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Why isn't your child sleeping in her own bed?
John Rosemond
John Rosemond is a family psychologist. - photo by File photo

Q:        In a recent column, you described our five-year-old daughter. She is in bed at 6:30 in the evening but usually wakes up during the night and wants to talk to us about whatever is on her mind. We both work and need our sleep, so that’s a huge problem. She very energetic and emotional during the day. To get her to calm down and sleep through the night we’ve tried melatonin, chamomile tea, and a homeopathic. Sometimes, they work. Usually, not. Since she is too scared to sleep in a room of her own, both she and her one-year-old sister sleep in our bedroom, but in their own beds. Any ideas on how we can get her to sleep through the night?


A:         I hope you consulted with your daughter’s pediatrician before starting to dose her with melatonin and a homeopathic substance before she goes to bed. Most studies find no downside to giving melatonin to children older than three, but Australian pediatricians recommend against it for children of any age. As for a homeopathic, you most definitely should consult with a pediatrician. Chamomile tea is fine. My wife swears by it. So did Peter Rabbit.

            Having said that, I really don’t think your daughter’s night-waking has anything to do with her daytime energy or low melatonin levels in the evening. I think the problem is that you have her in your bedroom. That’s not a good idea at all. And what, pray tell, does it mean that she is “too scared to sleep in a room of her own”? Whatever explanation you give, my next question is, “So what?”

            Along with thousands of children across our fruited plains, your daughter is afraid of sleeping in her own room for one reason: you have let her sleep in yours. The unknown is usually scary to a child. The fact remains: your daughter is not going to become comfortable sleeping in her own room until you insist that she do so. Do you think she’s one day going to say, as you’re putting her to bed in your room, “You know what Mom and Dad? I think I’m ready to sleep in my room!” Let me assure you, the odds of that happening anytime soon are slim to none.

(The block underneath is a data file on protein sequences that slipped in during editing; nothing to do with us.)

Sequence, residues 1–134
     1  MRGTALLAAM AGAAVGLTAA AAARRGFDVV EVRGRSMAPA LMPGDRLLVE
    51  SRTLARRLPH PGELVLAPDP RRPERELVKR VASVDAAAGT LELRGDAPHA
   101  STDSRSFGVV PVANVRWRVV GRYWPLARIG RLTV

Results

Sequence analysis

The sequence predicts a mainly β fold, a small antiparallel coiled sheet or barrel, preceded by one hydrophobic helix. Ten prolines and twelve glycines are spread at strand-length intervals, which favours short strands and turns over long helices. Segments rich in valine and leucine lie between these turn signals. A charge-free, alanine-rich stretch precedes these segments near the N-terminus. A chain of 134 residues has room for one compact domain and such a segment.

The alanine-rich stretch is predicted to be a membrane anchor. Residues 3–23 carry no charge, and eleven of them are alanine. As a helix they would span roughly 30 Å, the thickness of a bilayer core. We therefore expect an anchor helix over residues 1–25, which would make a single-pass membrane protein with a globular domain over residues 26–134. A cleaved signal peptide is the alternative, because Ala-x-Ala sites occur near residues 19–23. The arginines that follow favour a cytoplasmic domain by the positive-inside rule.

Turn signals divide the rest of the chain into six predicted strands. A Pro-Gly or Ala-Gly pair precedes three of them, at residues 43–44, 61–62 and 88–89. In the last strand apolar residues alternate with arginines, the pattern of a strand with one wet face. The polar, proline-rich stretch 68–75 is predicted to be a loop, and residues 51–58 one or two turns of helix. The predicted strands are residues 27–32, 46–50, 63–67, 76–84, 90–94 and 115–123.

She wakes up during the night and wants to engage in conversation with you because you’re right there! This is a bad habit, nothing more, and it’s likely to get much worse as time goes on. Also, getting her to go to sleep in her own space is going to get much, much more difficult as time goes on. The time to act is now!

            Put her down in her own bed, in her own room. Simply tell her that “the doctor” said that five-year-old children can’t sleep in their parents’ rooms. Say, “The doctor also said that you might need to scream for a while to get used to it, and that’s just fine. Go ahead and scream all you want. We’ll be right down the hall, in the living room, making sure everything is okay.”

            I won’t go into the research-based justification for invoking a third party whose authority your daughter already recognizes and giving her permission to scream, but take my word for it, it works. Well, it works when the child’s parents don’t give in and let her back into their room.

            You’ll have to listen to some agonized screaming for a week or so, but in the end it will work a whole lot better than melatonin. Chamomile tea? That’s a somewhat different story. After all, Peter Rabbit recommends it.

            Family psychologist John Rosemond:,

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